Darwin and Natural Selection:
The English naturalist Charles Darwin (1809-1882) explained how biological evolution took place, in his remarkable "The Origin of Species" in 1859. Darwin began his observations at the age of 22, as a naturalist on H.M.S. Beagle, which was a sail ship going round the world. He spent five advent~irous years on the voyagc. During this period, he visited may islands of the Atlantic Ocean, some parts of the coasts of South America, and some islands of the South Pacific, of which the Galapagos is the most important. This journey gave Darwin a prolonged exposure to an area of the world, radically different in its plant and animal life from his native place. He collected and preserved a lot of material and took extensive notes throughout the voyage.
Once back in England, he spent nearly 22 years examining his collection and pondering over the question of how evolution of species could have taken place. He drew the evidence from three important areas: the record of the rocks, in which he discovered fossils and imprints of creatures of the past ages; the distribution of animals and plants in the world; and finally from the study of the breeding experiments that were going on in the nineteenth century to improve life stock or to breed dogs and pigeons. Darwin's great innovative step was to introduce the theory of 'natural selection' as the mechanism for evolution.
Though the credit for giving this theory* is generally given to Darwin, another English naturalist-Alfred Russel Wallace had conceived the theory of evolution independently at'the same time. The work of the two scientists was presented 'jointly at the meeting of the Linnean Society in London in 1858. The theory began with two observations. First. more organisms are born than can survive to reproduce: themselves, because the environment has limited means of subsistence. This overproduction results in a struggle for existence and ultimate survival of the fittest. Plant and animal species compete within and among themselves for food, water, air, light-everything that enables organisms to survive and reproduce.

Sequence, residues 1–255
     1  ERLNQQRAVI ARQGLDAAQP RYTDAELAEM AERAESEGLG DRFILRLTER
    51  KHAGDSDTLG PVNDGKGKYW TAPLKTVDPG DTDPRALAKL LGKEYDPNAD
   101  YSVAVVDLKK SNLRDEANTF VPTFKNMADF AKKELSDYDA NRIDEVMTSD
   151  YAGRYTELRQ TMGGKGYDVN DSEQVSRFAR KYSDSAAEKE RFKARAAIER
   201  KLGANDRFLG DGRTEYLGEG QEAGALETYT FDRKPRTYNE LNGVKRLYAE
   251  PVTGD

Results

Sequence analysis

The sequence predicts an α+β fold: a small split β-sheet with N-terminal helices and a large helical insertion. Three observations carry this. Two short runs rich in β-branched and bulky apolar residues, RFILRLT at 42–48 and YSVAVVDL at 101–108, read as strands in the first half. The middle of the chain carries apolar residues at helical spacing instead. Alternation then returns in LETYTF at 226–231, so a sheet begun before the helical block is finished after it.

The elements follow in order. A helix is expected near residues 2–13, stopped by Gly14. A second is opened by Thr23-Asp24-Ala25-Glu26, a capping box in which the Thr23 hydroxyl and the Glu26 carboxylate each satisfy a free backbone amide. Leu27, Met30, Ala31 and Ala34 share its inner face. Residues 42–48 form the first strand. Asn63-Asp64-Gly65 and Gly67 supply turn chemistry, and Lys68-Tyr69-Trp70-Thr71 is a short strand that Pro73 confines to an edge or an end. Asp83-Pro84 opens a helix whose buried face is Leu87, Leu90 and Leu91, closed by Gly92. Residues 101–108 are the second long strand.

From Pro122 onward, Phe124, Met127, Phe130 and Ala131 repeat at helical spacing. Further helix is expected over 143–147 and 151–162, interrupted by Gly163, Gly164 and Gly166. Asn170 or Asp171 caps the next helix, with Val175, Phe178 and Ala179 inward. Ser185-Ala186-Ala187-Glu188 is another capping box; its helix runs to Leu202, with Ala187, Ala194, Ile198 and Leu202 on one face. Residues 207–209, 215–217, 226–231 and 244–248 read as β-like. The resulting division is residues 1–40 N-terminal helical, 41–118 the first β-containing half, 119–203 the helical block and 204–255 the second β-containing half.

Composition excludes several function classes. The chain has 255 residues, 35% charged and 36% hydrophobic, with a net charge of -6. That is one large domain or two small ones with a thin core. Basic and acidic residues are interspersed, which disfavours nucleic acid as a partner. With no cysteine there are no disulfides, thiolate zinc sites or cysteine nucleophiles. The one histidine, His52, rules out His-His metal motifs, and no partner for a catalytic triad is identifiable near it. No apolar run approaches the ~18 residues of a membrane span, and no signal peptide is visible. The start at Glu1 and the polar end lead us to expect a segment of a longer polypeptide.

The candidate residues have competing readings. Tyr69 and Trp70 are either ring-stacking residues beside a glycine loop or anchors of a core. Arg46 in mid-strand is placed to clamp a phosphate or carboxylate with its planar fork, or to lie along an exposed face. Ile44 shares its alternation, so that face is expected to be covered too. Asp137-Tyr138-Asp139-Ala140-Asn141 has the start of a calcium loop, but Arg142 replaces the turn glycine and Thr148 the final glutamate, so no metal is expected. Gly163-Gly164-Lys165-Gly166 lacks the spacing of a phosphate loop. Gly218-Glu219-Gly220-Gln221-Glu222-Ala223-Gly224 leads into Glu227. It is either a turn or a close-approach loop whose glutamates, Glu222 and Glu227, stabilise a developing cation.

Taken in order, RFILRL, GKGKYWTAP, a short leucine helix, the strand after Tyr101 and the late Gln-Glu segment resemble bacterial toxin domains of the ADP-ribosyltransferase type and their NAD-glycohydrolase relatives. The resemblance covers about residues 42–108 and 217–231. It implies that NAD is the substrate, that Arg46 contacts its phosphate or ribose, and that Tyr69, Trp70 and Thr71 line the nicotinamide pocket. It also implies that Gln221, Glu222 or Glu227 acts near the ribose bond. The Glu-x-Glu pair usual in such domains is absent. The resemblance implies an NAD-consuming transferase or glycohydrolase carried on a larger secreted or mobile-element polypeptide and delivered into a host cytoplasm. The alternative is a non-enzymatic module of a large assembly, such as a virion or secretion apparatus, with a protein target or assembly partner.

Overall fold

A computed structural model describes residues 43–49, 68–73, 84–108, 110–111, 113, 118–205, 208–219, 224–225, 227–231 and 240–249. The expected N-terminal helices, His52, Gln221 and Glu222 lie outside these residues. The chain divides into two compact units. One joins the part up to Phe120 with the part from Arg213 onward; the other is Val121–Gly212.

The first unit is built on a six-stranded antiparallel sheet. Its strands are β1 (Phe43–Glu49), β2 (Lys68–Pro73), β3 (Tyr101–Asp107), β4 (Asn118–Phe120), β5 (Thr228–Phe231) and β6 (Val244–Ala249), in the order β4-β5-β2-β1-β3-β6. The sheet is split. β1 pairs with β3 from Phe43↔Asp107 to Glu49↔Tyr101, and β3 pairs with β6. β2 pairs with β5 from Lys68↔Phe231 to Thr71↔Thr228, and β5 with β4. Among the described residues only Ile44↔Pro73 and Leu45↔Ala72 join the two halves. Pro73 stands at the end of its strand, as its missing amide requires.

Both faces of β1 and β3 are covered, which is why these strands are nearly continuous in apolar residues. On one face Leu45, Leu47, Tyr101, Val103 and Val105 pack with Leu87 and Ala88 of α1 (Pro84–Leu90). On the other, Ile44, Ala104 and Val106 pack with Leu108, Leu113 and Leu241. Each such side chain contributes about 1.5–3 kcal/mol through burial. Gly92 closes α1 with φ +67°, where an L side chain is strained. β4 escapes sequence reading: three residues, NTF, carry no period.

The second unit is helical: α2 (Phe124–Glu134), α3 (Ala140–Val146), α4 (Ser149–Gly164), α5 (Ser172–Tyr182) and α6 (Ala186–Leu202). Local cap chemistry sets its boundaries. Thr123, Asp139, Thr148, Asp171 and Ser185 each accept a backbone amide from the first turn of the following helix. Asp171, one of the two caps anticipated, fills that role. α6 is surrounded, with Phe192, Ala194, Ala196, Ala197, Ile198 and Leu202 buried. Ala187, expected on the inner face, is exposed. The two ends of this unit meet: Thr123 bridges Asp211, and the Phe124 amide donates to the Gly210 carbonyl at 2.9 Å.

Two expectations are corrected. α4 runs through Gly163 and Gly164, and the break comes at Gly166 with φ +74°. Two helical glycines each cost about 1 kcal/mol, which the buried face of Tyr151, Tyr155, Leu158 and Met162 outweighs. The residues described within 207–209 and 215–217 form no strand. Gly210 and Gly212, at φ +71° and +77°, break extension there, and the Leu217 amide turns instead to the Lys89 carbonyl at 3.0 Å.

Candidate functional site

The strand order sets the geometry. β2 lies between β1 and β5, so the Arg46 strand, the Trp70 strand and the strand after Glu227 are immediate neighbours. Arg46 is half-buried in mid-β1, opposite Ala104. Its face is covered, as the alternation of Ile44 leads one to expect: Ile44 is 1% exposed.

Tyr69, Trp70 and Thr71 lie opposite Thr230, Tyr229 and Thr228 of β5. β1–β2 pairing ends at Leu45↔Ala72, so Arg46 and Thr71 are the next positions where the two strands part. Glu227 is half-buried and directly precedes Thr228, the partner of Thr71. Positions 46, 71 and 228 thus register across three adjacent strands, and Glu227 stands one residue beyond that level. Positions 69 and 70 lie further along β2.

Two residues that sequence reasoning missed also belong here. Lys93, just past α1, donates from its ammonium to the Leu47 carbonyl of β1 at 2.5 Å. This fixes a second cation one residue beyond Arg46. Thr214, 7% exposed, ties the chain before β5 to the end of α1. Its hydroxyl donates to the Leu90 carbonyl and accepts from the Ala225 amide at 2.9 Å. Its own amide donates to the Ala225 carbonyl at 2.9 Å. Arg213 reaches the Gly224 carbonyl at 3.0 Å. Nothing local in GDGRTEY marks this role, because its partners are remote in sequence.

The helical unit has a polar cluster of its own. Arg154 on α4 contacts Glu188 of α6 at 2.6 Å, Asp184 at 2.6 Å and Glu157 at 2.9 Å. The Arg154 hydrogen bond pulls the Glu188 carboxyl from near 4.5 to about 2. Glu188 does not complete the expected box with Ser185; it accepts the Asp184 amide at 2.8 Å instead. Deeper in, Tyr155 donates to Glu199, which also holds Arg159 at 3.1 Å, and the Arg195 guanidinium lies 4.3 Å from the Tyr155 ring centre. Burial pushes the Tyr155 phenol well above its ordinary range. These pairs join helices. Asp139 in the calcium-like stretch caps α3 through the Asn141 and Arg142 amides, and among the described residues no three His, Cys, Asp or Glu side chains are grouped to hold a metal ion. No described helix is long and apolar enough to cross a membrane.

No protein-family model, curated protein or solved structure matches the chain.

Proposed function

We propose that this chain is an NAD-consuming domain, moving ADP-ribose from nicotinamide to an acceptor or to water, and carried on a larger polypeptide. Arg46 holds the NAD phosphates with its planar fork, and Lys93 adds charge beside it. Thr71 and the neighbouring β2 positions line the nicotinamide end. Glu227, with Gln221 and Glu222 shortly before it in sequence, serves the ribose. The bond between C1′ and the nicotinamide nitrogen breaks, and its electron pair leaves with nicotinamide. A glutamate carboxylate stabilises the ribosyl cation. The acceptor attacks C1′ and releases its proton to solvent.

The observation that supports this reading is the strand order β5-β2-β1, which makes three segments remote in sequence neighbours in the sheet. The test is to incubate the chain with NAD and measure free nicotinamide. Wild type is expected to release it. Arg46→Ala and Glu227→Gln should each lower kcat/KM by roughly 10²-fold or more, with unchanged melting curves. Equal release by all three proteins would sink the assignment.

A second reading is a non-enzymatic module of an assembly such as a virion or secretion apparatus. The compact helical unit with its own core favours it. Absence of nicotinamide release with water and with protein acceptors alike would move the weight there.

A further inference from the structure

The second observation is that offsprings, i.e, children differ slightly from their parents and from each other in characteristics which they inherit. This we now call genetic variation. Darwin held the view that these variations are a source of evolutionary change. According to him in any group, individuals with characteristics which enable them to adapt best to their environment survive and reproduce, while those who lack these characteristics have a poor chance of survival. Thus, Nature selects and preserves the useful variations in a changing environment, Darwin called this natural selection.